Researchers have developed a method that can make multiple agents work together using artificial intelligence (AI). The method makes use of a type of AI called multi-agent reinforcement learning. Individual agents like drones and robots can often work together collaborate and complete a task when communication lines are open. However, the communication between them can be hampered in the absence of the right hardware or blockage of signals. The new technique uses AI to plug this gap by identifying the individual agent when it contributes to the team objective.
"It's easier when agents can talk to each other. But we wanted to do this in a way that's decentralised, meaning that they don't talk to each other. We also focused on situations where it's not obvious what the different roles or jobs for the agents should be,” said Huy Tran, an aerospace engineer at the University of Illinois Urbana-Champaign.
According to Tran, the problem is complex as it is not clear what one agent should do in comparison to another agent. He said the challenge was to complete a task together over a period of time. To overcome this, Tran and his colleagues utilised machine learning and created a utility function that informs the agent when it is contributing to the team's efforts.
Tran has explained that in the case of a team goal, it's hard to determine who contributed to the win. The machine learning technique plugs this gap by identifying the individual agent when it contributes to the team objective. “If you look at it in terms of sports, one soccer player may score, but we also want to know about actions by other teammates that led to the goal, like assists. It's hard to understand these delayed effects,” he added.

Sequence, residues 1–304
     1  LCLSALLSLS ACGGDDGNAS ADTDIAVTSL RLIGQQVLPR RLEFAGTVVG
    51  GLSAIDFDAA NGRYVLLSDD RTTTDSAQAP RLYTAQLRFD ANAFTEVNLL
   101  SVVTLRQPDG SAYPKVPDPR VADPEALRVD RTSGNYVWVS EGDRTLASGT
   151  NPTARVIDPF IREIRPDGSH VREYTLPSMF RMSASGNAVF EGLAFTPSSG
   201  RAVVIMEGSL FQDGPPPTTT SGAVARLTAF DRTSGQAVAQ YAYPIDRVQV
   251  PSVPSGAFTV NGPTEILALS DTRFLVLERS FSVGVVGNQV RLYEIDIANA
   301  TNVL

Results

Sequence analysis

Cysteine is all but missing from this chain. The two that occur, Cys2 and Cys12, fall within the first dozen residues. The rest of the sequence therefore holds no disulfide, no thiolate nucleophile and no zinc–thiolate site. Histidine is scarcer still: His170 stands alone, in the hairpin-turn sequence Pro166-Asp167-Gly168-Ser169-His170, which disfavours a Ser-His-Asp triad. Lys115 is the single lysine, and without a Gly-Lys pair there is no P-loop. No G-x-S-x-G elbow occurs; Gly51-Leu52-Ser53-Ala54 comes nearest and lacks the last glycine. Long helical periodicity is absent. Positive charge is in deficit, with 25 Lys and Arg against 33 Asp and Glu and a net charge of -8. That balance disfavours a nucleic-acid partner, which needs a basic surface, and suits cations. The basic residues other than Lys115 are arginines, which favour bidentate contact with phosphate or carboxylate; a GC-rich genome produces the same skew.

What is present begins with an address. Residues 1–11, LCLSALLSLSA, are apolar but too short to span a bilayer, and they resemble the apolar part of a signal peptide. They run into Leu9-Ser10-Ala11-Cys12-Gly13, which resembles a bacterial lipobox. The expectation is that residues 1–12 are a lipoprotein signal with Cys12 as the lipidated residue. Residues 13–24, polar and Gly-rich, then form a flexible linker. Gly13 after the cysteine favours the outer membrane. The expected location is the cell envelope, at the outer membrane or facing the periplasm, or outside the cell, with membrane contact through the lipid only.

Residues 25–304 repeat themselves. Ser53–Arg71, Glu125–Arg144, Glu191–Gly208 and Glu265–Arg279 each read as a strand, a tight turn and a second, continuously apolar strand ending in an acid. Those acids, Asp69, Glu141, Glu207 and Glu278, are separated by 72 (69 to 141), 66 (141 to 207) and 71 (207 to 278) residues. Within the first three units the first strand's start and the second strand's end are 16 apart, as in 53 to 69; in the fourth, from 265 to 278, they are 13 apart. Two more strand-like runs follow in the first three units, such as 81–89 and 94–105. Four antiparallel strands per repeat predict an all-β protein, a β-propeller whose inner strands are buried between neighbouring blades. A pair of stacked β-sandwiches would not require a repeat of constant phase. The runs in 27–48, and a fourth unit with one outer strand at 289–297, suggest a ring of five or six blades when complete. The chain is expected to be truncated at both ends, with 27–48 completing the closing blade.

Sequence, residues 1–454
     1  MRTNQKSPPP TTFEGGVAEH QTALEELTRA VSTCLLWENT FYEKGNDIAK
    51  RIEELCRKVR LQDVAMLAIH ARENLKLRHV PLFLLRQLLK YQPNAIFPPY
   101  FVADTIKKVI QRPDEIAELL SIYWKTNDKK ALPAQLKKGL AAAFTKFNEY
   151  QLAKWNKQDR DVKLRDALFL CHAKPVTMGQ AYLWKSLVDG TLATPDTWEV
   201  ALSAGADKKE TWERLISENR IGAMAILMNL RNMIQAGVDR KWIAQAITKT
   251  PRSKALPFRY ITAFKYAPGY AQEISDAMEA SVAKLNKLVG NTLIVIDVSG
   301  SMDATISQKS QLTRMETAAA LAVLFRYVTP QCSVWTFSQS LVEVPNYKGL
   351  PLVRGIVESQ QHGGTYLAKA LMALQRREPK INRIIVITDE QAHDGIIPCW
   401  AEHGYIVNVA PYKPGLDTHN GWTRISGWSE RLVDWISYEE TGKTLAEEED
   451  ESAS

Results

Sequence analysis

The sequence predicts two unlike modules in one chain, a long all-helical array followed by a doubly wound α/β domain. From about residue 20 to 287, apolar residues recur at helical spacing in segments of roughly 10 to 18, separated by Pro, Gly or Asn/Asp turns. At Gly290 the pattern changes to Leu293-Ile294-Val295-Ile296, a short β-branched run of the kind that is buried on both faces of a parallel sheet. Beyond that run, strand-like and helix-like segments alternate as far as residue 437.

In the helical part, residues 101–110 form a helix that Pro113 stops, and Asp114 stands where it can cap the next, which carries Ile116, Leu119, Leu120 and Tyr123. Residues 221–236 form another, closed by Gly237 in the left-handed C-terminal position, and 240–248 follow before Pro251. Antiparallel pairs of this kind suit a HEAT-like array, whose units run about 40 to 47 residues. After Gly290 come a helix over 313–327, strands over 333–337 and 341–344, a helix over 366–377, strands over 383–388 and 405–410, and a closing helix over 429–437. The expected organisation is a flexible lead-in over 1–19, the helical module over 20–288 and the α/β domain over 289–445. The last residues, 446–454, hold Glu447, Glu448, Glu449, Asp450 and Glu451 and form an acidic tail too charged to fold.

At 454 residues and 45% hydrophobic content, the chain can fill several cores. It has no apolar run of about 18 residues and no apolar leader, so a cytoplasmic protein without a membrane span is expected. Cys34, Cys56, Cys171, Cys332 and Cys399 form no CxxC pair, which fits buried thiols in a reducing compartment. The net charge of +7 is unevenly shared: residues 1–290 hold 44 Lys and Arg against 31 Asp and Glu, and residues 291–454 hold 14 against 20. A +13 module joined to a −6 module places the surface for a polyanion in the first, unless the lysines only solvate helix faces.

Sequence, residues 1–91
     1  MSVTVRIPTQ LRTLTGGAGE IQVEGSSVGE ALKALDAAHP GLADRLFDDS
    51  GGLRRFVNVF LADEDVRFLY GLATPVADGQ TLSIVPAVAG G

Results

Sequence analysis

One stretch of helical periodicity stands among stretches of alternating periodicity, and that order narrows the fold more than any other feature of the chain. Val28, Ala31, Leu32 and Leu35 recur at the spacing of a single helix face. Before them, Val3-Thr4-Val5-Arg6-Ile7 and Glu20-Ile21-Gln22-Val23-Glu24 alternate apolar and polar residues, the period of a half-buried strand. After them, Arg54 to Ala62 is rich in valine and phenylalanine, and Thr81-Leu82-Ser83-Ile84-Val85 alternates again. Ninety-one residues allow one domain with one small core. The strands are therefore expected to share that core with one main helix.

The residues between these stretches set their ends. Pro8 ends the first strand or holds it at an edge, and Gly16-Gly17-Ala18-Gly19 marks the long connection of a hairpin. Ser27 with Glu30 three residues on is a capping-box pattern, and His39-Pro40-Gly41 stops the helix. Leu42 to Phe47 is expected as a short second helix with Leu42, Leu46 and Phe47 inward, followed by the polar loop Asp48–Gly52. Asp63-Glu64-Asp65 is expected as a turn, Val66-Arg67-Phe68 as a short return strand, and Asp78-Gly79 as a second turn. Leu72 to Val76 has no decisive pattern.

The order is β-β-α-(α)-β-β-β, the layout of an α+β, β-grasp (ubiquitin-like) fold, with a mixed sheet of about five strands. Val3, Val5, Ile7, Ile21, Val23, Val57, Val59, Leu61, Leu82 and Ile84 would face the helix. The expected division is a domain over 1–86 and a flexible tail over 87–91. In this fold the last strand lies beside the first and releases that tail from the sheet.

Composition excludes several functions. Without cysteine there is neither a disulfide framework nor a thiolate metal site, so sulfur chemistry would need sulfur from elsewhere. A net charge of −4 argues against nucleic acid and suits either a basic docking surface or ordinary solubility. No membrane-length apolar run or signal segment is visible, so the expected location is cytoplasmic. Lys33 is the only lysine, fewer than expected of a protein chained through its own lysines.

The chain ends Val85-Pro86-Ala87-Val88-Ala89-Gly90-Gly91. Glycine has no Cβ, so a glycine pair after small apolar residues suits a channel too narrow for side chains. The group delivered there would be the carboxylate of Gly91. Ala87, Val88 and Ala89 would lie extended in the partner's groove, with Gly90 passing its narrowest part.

Tran demonstrated the new technique in a video.
The algorithm used in the technique can also help spot the agent when it is working but not contributing to the goal. It is not something that the robot chose to do wrong, but just something that isn't required elucidated Tran.
The researcher has highlighted that the algorithm can be used in many real-life situations such as robots working together in a warehouse, military surveillance, traffic signal control, or autonomous vehicles coordination deliveries, among others.
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